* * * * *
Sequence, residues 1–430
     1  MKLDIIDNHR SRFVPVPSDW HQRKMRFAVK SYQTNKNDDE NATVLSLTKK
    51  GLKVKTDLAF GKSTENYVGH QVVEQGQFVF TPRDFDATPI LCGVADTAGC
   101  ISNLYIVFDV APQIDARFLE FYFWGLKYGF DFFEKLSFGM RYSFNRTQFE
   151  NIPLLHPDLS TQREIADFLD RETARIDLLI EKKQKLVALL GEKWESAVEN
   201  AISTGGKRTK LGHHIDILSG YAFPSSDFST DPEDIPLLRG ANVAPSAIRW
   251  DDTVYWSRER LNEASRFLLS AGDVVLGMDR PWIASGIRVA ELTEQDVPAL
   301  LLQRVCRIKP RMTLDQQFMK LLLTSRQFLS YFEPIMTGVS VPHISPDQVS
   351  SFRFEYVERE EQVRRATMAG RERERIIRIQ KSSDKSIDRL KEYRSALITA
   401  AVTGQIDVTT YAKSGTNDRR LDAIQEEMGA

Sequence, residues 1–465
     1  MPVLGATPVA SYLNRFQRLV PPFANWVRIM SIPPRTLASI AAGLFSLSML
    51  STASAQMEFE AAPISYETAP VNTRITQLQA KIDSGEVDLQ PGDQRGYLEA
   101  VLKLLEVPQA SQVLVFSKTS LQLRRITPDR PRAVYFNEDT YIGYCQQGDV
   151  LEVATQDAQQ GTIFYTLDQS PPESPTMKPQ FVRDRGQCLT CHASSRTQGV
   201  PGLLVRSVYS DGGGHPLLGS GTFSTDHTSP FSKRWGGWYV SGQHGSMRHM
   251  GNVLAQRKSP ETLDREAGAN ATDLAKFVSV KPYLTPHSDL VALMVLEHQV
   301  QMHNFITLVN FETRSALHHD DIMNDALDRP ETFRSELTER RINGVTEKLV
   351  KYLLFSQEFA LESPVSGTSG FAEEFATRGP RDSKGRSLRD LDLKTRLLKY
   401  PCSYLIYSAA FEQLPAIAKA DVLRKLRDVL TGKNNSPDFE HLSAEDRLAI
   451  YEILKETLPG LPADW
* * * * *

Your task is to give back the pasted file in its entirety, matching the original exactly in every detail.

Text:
Sequence, residues 1–430
     1  MKLDIIDNHR SRFVPVPSDW HQRKMRFAVK SYQTNKNDDE NATVLSLTKK
    51  GLKVKTDLAF GKSTENYVGH QVVEQGQFVF TPRDFDATPI LCGVADTAGC
   101  ISNLYIVFDV APQIDARFLE FYFWGLKYGF DFFEKLSFGM RYSFNRTQFE
   151  NIPLLHPDLS TQREIADFLD RETARIDLLI EKKQKLVALL GEKWESAVEN
   201  AISTGGKRTK LGHHIDILSG YAFPSSDFST DPEDIPLLRG ANVAPSAIRW
   251  DDTVYWSRER LNEASRFLLS AGDVVLGMDR PWIASGIRVA ELTEQDVPAL
   301  LLQRVCRIKP RMTLDQQFMK LLLTSRQFLS YFEPIMTGVS VPHISPDQVS
   351  SFRFEYVERE EQVRRATMAG RERERIIRIQ KSSDKSIDRL KEYRSALITA
   401  AVTGQIDVTT YAKSGTNDRR LDAIQEEMGA

Sequence, residues 1–465
     1  MPVLGATPVA SYLNRFQRLV PPFANWVRIM SIPPRTLASI AAGLFSLSML
    51  STASAQMEFE AAPISYETAP VNTRITQLQA KIDSGEVDLQ PGDQRGYLEA
   101  VLKLLEVPQA SQVLVFSKTS LQLRRITPDR PRAVYFNEDT YIGYCQQGDV
   151  LEVATQDAQQ GTIFYTLDQS PPESPTMKPQ FVRDRGQCLT CHASSRTQGV
   201  PGLLVRSVYS DGGGHPLLGS GTFSTDHTSP FSKRWGGWYV SGQHGSMRHM
   251  GNVLAQRKSP ETLDREAGAN ATDLAKFVSV KPYLTPHSDL VALMVLEHQV
   301  QMHNFITLVN FETRSALHHD DIMNDALDRP ETFRSELTER RINGVTEKLV
   351  KYLLFSQEFA LESPVSGTSG FAEEFATRGP RDSKGRSLRD LDLKTRLLKY
   401  PCSYLIYSAA FEQLPAIAKA DVLRKLRDVL TGKNNSPDFE HLSAEDRLAI
   451  YEILKETLPG LPADW